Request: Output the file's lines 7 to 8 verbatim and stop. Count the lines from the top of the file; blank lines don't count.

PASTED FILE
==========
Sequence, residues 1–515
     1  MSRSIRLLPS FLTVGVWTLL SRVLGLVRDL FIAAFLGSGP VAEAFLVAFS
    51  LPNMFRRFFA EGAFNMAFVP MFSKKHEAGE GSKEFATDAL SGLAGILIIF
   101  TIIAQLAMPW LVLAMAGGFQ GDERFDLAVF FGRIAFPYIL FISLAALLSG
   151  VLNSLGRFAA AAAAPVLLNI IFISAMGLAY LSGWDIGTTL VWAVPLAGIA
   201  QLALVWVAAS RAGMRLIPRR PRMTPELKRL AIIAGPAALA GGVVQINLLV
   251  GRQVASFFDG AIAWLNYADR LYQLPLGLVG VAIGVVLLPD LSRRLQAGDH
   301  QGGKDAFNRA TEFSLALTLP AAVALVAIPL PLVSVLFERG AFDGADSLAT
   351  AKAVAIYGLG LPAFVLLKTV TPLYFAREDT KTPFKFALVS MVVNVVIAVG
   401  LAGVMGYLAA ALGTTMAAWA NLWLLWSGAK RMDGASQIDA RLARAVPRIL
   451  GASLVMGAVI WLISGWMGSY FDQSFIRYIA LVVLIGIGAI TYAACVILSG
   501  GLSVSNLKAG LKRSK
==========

   251  GRQVASFFDG AIAWLNYADR LYQLPLGLVG VAIGVVLLPD LSRRLQAGDH
   301  QGGKDAFNRA TEFSLALTLP AAVALVAIPL PLVSVLFERG AFDGADSLAT